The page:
Perceptual Presence: an Attentional Account

Synthese 196 (7):2907-2926 (2019)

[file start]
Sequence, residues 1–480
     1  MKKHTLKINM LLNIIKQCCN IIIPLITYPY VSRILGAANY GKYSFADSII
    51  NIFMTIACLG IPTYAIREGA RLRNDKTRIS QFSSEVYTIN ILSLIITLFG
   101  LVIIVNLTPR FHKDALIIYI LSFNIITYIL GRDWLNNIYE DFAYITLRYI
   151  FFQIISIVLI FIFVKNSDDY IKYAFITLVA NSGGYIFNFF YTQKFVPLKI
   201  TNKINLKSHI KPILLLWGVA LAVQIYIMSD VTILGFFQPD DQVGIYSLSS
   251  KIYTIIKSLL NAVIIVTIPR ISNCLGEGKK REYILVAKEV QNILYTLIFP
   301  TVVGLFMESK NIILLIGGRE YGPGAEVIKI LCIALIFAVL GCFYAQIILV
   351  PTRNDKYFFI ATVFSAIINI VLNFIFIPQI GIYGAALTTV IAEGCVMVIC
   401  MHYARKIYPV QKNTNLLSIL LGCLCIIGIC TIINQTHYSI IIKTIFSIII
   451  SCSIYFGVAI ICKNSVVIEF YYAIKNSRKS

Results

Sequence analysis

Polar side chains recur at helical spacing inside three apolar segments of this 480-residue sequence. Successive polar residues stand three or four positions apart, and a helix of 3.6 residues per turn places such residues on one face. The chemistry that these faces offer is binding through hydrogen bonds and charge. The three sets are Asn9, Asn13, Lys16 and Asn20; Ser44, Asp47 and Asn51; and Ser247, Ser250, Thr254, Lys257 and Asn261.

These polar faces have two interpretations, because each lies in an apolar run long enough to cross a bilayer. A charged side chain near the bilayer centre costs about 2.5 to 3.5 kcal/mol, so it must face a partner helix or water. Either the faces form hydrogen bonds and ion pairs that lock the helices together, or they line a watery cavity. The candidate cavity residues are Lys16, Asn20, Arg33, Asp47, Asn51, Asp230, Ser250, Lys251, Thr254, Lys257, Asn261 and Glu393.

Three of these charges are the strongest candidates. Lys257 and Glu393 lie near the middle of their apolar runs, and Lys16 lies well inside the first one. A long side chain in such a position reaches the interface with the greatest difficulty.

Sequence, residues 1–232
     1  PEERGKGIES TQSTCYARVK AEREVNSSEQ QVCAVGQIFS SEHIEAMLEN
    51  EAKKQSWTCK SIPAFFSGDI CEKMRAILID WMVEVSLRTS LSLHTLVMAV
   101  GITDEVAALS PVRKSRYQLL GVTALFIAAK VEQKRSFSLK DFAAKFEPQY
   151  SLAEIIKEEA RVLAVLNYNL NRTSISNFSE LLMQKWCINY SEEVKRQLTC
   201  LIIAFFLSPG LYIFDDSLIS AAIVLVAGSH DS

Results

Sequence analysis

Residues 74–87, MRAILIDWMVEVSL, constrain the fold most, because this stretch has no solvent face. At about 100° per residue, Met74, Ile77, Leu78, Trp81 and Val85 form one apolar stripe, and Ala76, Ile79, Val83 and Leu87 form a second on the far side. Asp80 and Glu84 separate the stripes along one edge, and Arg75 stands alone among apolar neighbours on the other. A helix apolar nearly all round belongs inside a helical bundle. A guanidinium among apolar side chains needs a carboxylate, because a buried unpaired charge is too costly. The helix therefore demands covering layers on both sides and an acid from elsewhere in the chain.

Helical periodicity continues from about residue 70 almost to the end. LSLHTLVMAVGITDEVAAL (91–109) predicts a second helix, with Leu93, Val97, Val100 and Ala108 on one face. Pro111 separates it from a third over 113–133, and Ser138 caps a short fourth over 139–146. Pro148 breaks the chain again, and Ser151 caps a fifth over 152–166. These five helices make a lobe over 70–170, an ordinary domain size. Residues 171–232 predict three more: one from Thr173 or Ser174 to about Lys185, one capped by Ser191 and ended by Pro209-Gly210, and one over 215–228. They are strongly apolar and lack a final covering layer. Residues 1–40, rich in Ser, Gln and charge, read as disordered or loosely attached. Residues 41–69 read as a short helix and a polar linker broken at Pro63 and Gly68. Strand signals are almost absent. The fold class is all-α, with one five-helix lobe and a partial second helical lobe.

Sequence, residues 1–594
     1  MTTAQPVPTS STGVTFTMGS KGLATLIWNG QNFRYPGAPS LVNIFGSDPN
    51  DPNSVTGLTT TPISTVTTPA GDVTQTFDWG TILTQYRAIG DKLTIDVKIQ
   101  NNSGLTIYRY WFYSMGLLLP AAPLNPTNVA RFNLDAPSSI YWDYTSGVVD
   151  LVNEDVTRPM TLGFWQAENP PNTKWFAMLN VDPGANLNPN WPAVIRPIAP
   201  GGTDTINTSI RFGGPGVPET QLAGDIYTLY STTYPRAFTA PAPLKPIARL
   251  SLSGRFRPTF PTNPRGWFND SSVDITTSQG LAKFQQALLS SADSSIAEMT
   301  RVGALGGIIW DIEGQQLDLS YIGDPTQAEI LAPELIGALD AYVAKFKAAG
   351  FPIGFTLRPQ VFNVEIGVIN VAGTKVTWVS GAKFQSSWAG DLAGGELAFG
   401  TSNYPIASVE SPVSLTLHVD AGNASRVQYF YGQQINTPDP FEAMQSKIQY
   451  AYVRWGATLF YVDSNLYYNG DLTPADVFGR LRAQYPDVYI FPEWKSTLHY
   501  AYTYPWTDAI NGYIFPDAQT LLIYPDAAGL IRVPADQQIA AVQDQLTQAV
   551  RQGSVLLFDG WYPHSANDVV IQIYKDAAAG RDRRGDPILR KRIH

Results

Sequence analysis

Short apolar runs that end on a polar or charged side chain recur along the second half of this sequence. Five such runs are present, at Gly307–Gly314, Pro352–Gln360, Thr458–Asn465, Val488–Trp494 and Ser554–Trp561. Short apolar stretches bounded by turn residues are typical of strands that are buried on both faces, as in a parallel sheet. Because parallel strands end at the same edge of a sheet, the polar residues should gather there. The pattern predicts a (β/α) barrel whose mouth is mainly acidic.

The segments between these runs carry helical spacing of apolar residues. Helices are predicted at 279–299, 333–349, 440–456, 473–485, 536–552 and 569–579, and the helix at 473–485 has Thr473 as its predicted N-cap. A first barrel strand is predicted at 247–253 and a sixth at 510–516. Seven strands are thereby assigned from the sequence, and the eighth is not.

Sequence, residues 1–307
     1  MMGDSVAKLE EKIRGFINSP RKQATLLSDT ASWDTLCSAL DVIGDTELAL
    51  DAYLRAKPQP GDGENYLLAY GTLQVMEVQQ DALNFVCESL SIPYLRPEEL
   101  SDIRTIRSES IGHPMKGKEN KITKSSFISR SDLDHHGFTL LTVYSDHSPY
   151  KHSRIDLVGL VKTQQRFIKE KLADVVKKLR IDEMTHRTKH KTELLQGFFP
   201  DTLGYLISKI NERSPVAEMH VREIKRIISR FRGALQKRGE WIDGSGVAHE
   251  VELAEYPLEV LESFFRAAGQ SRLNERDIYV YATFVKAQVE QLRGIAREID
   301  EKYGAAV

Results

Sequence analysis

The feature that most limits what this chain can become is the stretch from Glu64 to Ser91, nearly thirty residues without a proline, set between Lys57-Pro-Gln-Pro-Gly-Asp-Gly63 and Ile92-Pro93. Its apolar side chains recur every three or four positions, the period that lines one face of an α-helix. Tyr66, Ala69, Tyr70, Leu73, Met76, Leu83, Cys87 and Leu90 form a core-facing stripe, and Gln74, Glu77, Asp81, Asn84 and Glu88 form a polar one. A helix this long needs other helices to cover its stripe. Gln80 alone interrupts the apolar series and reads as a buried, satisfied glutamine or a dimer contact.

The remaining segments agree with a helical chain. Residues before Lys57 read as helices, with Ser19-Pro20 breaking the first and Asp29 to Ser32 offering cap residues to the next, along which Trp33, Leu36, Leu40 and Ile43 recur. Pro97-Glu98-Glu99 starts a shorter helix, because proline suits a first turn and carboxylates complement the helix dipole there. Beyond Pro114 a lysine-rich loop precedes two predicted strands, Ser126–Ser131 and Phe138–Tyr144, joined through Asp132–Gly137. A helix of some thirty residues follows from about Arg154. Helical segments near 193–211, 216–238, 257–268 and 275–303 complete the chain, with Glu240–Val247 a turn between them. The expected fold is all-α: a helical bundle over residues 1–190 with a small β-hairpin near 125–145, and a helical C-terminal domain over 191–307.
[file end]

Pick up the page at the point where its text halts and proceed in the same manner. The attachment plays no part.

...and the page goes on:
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It is a distinctive mark of normal conscious perception that perceived objects are experienced as actually present in one’s surroundings. The aim of this paper is to offer a phenomenologically accurate and empirically plausible account of the cognitive underpinning of this feature of conscious perception, which I shall call perceptual presence. The paper begins with a preliminary characterization of. I then consider and criticize the seminal account of proposed by Mohan Matthen. In the remainder of the paper I put forward and defend my own attentional account. I first outline a simple version of the view by focusing on vision and then extend it to audition. After discussing the case of depersonalization, I consider some objections. The last objection, in particular, will motivate a refinement of the attentional account for the visual case. The paper ends with some remarks mainly about the specificity of the visual case vis-à-vis the auditory one.
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